1. The plaintiffs in this case are the Hukumchand Jute Mills, Ltd., sellers of shipped goods under a special contract for sale. The first defendants are their buyers, the Anglo-Oriental Bag Co., Ltd. The second defendants are the Calcutta agents of the owners of the steamship known as the 'MARHATTA'. The third defendants are Messrs. Broekle-bank, owners of the 'MARHATTA'.
2. It is not disputed that the plaintiffs are the unpaid vendors of these goods. The 1st defendants do not contest the suit. They are said to be in insolvent circumstances. Defendants 1 and 2 put in a joint written statement. In my opinion, the decision in this case before me is concluded by the judgment of the Court of appeal in Nippon Yusen Kaisha v. Mahaliram Ranjeedas : AIR1931Cal269 . The pleadings between the parties in that case and in the case before me now were almost identical. In Nippon Yusen Kaisha v. Mahaliram Ranjeedas, Nippon Yusen Kaisha v. Mahaliram Ranjeedas : AIR1931Cal269 the Court of appeal, as I understand from their judgment, held that an unpaid vendor of goods shipped on board a steamship who holds the Mate's receipt for the said goods, with the benefit also of a charge clause in his contract of sale, has not only a right against the defaulting purchaser, but also a right in damages against the ship-owner on the basis of an action for conversion or trespass, where the shipowner refuses to re-deliver the goods in recognition of the unpaid vendor's charge, always provided that the ship-owner has notice of the said charge before delivery at the port of destination of the goods and, even if the ship-owner has issued bills of lading at the request of the purchasers in regard to the goods, which bills of lading have already been negotiated.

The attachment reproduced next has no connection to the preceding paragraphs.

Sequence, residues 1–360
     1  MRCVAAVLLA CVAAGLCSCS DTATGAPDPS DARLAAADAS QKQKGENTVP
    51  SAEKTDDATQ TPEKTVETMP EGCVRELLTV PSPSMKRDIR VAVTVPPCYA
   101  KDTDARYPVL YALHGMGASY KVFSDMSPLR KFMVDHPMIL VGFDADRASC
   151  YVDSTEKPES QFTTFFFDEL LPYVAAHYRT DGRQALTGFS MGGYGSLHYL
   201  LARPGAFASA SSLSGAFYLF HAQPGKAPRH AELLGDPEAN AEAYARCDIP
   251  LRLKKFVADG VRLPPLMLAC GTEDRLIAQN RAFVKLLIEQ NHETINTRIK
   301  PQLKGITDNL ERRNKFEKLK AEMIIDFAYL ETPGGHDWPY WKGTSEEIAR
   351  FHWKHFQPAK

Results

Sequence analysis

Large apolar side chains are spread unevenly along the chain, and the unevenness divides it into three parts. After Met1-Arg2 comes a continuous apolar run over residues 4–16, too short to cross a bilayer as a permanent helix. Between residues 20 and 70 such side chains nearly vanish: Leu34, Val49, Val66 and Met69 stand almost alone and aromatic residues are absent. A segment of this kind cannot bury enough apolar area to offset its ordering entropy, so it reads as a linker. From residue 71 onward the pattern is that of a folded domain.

3. I find as a fact here that the ship-owners through their agents had due notice of the plaintiffs' charge. An attempt was made, as I understood the arguments on behalf of the ship-owners, to invoke a protective right in the property of the goods after shipment involving them in a deed of hypothecation favour of a Bank, the said deed having been executed by the purchasers, and the Bank having negotiated the bills of lading together with other documents relating to the shipment prior to the notice to the ship-owners of the unpaid vendor's charge. Such a hypothecation, in my view, would convey no better title to the mortgagee than the mortgagor possessed himself, and as to the negotiation of the documents and its legal effect, this point was never pleaded and I therefore decline to consider it. There will be therefore judgment against the first defendants for the price of the goods and in the alternative judgment in the form of damages on the same basis against the third defendants. This is the best I can do with regard to the exact nature of damages as no evidence was tendered in relation to any other damage of a special nature. This judgment carries with it costs against defendants 1 and 3. The logical effect of my judgment is that the agents of the steamship owners must be dismissed from the action and no costs can be obtained against them.